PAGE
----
Savitri Era of those who adore, Om Sri Aurobindo and The Mother.

Saturday, July 21, 2007

The evaporated dream of Santiniketan or the lost vision of Auroville

Reviving Nalanda WHERE MONEY TALKS Sunanda K Datta-Ray business-standard New Delhi July 21, 2007
India needs school buildings that afford protection against rain and sun. Schools cannot function without qualified and adequately paid teachers. They also need textbooks, stationery, libraries, fully equipped laboratories and facilities for studying the sciences. Colleges and universities must be more than factories to dole out the meal ticket of a meaningless degree. Friends in the US, themselves IIT alumni, tell me that even these training grounds of the movers and shapers of the future are now badly in need of upgrading.

India manages, even winning Nobel Prizes, because of the basic genius of the Indian people. But genius has to be nurtured if there is to be a uniform standard of education. That demands firm countrywide foundations before dreaming up the superstructure of what is being called “an icon of the Asian renaissance”. If basics are ignored, Nalanda II may not be any more meaningful than the evaporated dream of Santiniketan or the lost vision of Auroville.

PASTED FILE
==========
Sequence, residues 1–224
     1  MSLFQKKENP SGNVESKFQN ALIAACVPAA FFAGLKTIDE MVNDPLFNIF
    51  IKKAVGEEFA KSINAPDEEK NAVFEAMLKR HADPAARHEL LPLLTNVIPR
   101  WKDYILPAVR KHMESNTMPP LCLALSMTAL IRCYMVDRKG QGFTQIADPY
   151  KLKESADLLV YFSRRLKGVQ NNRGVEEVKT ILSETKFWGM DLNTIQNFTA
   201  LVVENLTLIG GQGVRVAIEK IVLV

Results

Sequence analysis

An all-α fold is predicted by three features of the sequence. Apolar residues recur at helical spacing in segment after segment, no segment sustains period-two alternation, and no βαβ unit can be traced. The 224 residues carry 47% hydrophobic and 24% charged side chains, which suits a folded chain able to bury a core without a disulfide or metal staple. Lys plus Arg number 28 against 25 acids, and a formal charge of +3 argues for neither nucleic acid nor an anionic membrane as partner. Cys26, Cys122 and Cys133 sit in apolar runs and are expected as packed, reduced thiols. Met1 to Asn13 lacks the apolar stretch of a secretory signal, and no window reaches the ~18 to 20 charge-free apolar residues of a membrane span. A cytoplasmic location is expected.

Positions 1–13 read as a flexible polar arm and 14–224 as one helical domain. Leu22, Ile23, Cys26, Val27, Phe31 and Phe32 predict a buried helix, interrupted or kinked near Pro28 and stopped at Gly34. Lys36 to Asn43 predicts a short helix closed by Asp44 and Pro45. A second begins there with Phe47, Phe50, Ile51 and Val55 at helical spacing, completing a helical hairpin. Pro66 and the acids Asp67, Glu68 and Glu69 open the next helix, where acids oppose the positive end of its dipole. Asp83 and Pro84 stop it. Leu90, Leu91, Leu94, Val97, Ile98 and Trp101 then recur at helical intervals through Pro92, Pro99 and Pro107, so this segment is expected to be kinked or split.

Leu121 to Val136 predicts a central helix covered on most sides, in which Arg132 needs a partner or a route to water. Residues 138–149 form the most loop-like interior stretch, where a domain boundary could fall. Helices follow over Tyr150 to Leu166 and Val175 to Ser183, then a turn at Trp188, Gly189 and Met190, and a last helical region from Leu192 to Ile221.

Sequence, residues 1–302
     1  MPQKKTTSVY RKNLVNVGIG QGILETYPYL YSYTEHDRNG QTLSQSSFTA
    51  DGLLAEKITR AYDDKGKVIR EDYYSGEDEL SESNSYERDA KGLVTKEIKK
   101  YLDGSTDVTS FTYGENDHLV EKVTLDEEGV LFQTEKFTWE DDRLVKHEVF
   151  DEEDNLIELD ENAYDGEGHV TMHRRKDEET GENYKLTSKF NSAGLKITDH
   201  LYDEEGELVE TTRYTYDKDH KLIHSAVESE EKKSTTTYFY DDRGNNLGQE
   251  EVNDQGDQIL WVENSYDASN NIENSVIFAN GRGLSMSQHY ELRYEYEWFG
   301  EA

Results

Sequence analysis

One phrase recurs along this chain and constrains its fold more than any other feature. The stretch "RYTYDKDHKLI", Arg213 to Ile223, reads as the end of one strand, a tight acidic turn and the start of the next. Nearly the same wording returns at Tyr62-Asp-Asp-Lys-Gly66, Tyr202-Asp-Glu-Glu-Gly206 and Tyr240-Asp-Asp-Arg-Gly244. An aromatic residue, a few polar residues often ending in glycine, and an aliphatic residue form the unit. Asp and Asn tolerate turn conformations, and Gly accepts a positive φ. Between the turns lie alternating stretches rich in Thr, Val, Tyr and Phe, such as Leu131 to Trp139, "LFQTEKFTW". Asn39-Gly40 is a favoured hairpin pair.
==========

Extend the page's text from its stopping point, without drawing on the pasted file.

Perhaps I am confusing purposes. The new Nalanda may be an attractive international resort, the thinking man’s Sentosa leisure ground. It may hum and buzz with conferences and seminars, resonate with rhetoric about the dialogue of nations and discourse of civilisations, and stake a claim to contemporary relevance with faculties devoted to global governance, understanding terrorism and the challenge of the Internet.

But A P J Abdul Kalam’s promise last year to recreate the “holistic traditions of knowledge creation, acquisition and dissemination as practised in ancient Nalanda” was a reminder that Chag Lotsawa, the Tibetan pilgrim who visited Nalanda 42 years after it was sacked by Bakhtiyar Khilji, found that scholarship, like love, survived among the ruins. A solitary teacher, 90-year-old Rahul Shribhadra, still devotedly discharged his duty to 70 students.

Can that spirit be revived? Today, the flickering lamp of Pali studies at the Nava Nalanda Mahavira is the only link with the glorious past of a university that lay forgotten for centuries until British archaeologists unearthed its remains in 1860. sunanda.dattaray@gmail

1 comment:

  1. I am a regular reader of S.Dutta-Ray's column & admirehe fact that he has seen the Mother & perhaps also had the darshan of Sri Aurobindo. But my question is how can he say the 'lost vision' of Auroville? Isn't the vision an eternal one, an everlasting hope for mankind showing the way forward towards a more completer unity & aren't people there trying, however imperfectly/ sincerely to work out that vision. This much at least must be said of their sacrifice & dedication. The Vision is not lost, it can never be only its actualisation shall take a long time, till then Savitri Erans put in your positive best to its fulfilment.